From Middle English flacken (“to palpitate, flutter”), akin to Middle Dutch vlacken (“to flicker, flash, sparkle”), Danish flakke (“to wander”), Swedish flacka (“to rove, rove about, ramble”), Icelandic flakka (“to move”). Compare also Icelandic flaka (“to flap, hang loose”), Swedish flaxa (“to flap, flutter”).
- (intransitive, obsolete) To flutter; palpitate.
- (intransitive, Britain dialectal) To hang loosely; flag.
- (transitive, Britain dialectal) To beat by flapping.
flack (plural flacks)
- (Canada, US) A publicist, a publicity agent.
- 1998, Winston Smith, Art Crime: The Montage Art of Winston Smith, page 25:
- Edward Bernay, who was a consultant to the US Delegation to the Versailles Peace Conference which terminated the first World War (and who finally wound up as a flack for the United Fruit Company in Latin America), believed that propaganda and its covert marketing could effectively alter the will of the American public.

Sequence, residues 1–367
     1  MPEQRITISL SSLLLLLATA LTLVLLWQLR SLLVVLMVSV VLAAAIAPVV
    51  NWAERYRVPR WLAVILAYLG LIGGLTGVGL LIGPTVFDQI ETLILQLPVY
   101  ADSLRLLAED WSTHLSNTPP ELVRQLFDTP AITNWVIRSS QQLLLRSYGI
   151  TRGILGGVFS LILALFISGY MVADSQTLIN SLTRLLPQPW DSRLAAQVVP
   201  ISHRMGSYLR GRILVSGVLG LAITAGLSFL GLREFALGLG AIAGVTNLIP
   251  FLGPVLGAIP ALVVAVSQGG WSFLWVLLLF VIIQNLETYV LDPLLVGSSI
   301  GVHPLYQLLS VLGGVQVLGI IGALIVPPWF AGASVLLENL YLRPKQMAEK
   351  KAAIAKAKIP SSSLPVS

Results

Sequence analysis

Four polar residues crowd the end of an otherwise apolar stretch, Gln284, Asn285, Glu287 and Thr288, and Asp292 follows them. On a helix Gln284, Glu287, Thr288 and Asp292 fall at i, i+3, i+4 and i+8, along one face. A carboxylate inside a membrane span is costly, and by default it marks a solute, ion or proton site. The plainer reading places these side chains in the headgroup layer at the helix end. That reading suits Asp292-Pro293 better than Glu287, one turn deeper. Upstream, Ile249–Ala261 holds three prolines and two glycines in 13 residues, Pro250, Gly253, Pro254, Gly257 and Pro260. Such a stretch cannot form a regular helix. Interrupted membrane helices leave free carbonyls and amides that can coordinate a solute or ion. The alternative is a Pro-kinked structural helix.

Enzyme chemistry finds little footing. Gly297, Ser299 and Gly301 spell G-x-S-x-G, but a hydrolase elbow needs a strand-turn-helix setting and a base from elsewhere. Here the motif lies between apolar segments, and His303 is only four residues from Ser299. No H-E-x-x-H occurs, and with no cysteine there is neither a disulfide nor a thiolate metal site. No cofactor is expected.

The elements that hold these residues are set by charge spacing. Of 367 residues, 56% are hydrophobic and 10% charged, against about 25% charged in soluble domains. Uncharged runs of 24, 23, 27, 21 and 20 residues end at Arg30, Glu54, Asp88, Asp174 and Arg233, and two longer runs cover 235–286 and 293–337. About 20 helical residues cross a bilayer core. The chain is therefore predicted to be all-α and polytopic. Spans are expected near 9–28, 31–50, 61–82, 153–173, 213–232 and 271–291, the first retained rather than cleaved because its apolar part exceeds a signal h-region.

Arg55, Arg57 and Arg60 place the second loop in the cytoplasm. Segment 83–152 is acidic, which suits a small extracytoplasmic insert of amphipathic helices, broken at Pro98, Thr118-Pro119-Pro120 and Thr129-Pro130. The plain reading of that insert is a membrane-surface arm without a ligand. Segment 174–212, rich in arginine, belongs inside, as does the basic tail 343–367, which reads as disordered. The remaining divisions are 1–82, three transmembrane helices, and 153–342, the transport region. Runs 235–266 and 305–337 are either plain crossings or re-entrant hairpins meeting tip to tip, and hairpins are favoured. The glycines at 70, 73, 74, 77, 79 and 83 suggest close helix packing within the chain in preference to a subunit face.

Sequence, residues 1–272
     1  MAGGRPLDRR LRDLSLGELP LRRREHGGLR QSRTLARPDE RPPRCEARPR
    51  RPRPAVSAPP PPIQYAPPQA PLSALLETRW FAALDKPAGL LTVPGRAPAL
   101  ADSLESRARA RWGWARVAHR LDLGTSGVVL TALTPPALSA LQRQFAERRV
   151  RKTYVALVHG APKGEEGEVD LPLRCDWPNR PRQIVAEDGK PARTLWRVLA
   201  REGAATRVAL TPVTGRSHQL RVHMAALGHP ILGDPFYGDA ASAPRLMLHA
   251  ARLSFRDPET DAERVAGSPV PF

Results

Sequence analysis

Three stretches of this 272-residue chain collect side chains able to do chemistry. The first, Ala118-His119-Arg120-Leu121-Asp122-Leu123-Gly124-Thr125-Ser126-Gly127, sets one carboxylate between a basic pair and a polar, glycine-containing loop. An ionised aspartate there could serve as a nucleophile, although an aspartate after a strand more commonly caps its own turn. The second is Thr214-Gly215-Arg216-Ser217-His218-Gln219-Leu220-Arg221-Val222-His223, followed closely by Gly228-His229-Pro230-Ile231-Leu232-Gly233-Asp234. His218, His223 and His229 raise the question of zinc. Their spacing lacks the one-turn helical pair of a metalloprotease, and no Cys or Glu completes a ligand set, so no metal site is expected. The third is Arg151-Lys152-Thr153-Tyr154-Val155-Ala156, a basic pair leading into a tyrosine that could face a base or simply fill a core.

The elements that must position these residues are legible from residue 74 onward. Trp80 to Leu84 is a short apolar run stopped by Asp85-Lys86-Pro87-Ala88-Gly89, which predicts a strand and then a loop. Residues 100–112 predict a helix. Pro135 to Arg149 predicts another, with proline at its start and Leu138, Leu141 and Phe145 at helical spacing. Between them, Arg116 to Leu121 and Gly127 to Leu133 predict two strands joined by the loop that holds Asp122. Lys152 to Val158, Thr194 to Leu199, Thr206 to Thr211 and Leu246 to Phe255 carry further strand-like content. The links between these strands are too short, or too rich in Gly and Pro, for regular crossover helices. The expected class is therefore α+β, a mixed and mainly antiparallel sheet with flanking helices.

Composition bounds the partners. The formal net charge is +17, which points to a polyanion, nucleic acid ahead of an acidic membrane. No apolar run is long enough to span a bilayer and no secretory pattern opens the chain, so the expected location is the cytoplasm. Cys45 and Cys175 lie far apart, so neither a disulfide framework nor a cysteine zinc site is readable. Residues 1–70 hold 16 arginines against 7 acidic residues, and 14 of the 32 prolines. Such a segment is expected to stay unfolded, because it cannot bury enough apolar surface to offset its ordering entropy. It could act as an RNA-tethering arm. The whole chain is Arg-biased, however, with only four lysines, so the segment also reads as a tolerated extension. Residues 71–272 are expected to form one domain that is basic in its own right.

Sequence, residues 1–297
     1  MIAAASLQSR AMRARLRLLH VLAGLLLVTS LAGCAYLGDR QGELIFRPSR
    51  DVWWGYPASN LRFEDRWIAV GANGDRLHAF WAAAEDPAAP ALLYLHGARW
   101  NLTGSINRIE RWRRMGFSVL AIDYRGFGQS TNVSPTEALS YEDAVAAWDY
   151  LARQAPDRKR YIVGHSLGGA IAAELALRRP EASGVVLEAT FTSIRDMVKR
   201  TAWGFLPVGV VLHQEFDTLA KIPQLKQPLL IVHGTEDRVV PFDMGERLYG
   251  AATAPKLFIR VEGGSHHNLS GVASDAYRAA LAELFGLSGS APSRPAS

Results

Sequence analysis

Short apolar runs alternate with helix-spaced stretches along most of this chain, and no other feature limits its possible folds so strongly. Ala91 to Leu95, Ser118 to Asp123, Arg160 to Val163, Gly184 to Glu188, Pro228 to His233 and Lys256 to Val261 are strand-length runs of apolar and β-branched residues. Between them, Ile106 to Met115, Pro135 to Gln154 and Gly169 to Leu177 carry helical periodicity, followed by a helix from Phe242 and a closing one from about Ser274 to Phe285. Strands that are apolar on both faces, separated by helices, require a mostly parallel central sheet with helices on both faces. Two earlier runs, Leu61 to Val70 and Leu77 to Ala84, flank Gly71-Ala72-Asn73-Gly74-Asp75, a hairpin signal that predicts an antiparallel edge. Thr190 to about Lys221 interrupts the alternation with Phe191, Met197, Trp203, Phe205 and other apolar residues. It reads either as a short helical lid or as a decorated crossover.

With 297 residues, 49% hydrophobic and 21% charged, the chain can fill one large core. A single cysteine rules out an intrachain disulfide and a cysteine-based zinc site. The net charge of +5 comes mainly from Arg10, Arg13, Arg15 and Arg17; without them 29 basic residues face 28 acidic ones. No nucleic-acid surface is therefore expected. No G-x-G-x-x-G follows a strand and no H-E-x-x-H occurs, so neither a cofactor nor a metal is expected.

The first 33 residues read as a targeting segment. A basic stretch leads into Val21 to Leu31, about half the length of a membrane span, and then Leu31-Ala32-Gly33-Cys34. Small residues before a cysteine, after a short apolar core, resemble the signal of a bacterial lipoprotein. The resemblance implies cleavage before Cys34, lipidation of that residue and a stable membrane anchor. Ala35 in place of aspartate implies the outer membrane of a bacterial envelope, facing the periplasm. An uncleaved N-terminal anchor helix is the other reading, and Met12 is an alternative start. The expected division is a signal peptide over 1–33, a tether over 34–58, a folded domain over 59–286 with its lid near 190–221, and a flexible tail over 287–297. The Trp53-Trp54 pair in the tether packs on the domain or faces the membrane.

- 1999, Patricia Cornwell, The Southern Cross, page 233
- Thought you were flack," she said.
- "I'm not flack."
- "All right, P.R., a reporter, a novelist."
- (Canada, US) To publicise, to promote.
- 1997, Don DeLillo, Underworld:
- [..] he told funny stories about his early days in the theater district, flacking shows up and down the street, but Klara wasn’t listening.
Variant of flak.
- Alternative spelling of .